At work with: Anna Bassi, Editor-in-chief, The Week Junior

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For our final At Work With of the year we speak to Anna Bassi, editor-in-chief of The Week Junior. This spin-off from the successful weekly news magazine has been a surprise success itself, building a significant readership since its 2015 launch. Anna was recently voted Editors’ Editor at the BSME Awards.

Tell us about your typical Monday journey to work
My Monday begins like any other week day – I have big cup of coffee, make packed lunches and take my younger daughter to school and then jump on the train for the journey into central London.

I usually use the commuting time to catch up on the news online and gather my thoughts for the forthcoming issue in preparation for our Monday morning team meeting. I’ll try to deal with any urgent emails and – if I’m lucky – I might see a friend and spend some of the journey having a natter. I rarely make it to the office without grabbing a coffee on the way.

Describe the state of your desk and what you can see in your office
My desk is usually pretty tidy as the company I work for (Dennis) has a clear desk policy! It is not my natural state – I am generally a bit of a piler, I need to see everything that I am working on and worry that I will forget something if it is out of sight. Now, the desktop on my laptop is the home of all my piles – I have multiple browser windows open at any time and only close them when the job is done.

The Week Junior office is on the 5th floor, so the office is very light and bright with a lovely view down onto Alfred Place. The street is in the process of being landscaped – it is set to become central London’s first new park in over 100 years, so the view will eventually be even lovelier. I’m lucky to be able to work from home a couple of days a week so most Thursdays and Fridays I am often found tapping away at my kitchen table or at a makeshift desk in the bedroom.

Which magazine do you first remember?
LookIn, Smash Hits and Tammy were three of my favourite magazines when I was growing up. I vividly remember the Sapphire and Steel comic strip in LookIn, the giant poster of Haircut 100 that came free with an issue of Smash Hits, and how much I wanted to have long blonde hair and trendy clothes like Tammy!

A few years ago, I worked at Egmont magazines and the editorial director at the time was Colin Shelbourne – who had been the editor of LookIn when I was young. He is such a lovely man and it was funny to hear his stories about his days at the helm of the title – I seem to remember one of his highlights being a ride with Rod Stewart in the back of his limo!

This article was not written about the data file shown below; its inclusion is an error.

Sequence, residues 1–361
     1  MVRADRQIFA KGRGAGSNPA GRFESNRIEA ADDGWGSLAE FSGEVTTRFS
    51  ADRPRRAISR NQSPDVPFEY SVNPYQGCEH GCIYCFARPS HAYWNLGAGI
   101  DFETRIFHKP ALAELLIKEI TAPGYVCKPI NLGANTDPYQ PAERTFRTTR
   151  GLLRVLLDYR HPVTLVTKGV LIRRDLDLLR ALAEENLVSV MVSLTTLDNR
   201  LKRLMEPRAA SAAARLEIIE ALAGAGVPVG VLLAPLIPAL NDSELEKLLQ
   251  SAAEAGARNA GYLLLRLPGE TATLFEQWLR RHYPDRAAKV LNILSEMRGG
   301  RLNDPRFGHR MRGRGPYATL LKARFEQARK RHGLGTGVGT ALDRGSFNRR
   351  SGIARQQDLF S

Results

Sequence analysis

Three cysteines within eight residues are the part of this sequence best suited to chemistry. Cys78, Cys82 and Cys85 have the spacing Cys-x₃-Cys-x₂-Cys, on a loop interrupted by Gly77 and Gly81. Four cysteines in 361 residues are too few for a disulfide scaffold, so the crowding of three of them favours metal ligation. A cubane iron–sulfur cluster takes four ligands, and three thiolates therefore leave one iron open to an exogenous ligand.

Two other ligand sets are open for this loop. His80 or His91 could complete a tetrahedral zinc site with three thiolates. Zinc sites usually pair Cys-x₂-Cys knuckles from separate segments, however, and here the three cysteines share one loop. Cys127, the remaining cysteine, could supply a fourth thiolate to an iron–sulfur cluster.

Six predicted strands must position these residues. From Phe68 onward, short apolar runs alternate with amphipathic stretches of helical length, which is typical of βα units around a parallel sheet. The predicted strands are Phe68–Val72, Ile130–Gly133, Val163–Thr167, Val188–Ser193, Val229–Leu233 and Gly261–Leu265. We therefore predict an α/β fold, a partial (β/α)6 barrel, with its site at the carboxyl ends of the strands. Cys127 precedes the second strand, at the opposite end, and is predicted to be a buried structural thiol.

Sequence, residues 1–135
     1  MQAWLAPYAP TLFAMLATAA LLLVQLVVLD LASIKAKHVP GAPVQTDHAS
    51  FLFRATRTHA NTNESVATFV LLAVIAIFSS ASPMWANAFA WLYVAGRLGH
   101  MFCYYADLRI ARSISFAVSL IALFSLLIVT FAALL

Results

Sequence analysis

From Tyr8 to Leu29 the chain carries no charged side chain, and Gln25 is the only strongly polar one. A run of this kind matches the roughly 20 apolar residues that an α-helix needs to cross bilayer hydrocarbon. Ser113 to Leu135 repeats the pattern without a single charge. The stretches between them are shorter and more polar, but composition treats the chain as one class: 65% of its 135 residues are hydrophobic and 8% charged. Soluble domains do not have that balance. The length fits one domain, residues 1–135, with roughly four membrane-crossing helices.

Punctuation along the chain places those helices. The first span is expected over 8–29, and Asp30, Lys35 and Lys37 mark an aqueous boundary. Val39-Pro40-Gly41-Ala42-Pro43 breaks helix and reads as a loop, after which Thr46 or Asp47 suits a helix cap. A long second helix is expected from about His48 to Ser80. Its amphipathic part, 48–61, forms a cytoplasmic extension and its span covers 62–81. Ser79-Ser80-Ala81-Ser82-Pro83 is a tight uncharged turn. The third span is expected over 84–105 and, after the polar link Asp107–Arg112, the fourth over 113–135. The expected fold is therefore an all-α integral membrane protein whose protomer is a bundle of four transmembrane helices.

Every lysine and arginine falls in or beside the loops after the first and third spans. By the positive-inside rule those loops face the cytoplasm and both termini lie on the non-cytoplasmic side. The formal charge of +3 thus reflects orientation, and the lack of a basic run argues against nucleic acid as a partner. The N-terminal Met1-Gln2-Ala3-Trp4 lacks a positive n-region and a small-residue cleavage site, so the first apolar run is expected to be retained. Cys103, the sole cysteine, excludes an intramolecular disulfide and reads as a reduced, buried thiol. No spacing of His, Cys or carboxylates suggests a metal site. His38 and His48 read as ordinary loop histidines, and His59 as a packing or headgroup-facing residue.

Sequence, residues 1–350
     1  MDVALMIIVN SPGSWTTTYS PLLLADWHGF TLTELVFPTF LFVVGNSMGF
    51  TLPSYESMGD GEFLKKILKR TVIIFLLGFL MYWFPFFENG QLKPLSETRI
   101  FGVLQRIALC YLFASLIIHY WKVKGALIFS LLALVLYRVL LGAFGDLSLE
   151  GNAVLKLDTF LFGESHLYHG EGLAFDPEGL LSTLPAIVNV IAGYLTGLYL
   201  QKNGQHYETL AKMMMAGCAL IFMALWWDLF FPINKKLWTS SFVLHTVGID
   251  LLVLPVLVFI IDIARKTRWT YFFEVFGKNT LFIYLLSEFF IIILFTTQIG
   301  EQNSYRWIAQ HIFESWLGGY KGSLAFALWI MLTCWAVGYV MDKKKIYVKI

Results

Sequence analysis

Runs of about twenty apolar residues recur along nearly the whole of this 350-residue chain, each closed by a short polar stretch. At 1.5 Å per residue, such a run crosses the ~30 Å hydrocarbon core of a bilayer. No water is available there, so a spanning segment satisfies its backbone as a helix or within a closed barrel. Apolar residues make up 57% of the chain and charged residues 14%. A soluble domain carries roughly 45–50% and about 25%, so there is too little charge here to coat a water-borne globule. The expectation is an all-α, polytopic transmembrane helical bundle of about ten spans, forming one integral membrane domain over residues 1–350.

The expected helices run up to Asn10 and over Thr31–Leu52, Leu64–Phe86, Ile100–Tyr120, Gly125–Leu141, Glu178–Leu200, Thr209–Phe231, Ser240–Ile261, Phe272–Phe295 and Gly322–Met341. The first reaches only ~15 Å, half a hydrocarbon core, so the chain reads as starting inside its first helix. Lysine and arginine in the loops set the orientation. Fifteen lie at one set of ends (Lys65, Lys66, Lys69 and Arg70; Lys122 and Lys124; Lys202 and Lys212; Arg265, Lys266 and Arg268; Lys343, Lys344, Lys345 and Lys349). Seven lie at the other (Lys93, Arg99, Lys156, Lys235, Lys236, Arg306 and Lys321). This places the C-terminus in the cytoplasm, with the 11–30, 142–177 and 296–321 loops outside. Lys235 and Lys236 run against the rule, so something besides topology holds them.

Which magazine matters to you the most right now?
I really love reading travel magazines and a long-term favourite is Conde Nast Traveller. I love the photography and the sheer escapism that it offers. I also take great pleasure in planning holidays based on the places I read about – but on a slightly smaller budget…

Can you describe your magazine in three words?
Engaging, informing, empowering

The Week has been a hugely successful project; how did the idea for a children’s edition come about?
I can’t take any of the credit for its inception – it was the brainwave of Kerin O’Connor, who has been with The Week since its very early days and is now the brand’s CEO. Knowing that The Week was used in many secondary schools, he realised that there was an opportunity to create something similar for a younger audience. He spent a year or so developing the idea with a few different editorial consultants and then I came on board to refine the concept, recruit a team and launch the magazine in 2015.

It seems to have been a truth universally acknowledged at that time that children weren’t interested in news and had no appetite for print in the age of digital devices, but I think our success (we now have over 58,000 subscribers) proves that if the product is right, people will read it. The magazine is information-rich and really accessible. We speak to our young readers (not down to them) with the respect they deserve by anticipating their questions and concerns, particularly when it comes to serious news stories.